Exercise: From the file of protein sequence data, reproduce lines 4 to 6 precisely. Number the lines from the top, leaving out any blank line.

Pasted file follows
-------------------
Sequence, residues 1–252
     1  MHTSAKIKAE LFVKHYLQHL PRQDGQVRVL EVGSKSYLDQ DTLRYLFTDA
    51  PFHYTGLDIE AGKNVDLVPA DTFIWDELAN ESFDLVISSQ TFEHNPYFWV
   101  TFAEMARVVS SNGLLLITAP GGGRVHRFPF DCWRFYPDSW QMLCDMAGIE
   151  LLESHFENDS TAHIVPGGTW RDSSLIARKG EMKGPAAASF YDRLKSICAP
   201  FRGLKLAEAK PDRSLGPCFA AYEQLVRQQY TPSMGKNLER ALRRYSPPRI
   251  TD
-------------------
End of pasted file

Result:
   101  TFAEMARVVS SNGLLLITAP GGGRVHRFPF DCWRFYPDSW QMLCDMAGIE
   151  LLESHFENDS TAHIVPGGTW RDSSLIARKG EMKGPAAASF YDRLKSICAP
   201  FRGLKLAEAK PDRSLGPCFA AYEQLVRQQY TPSMGKNLER ALRRYSPPRI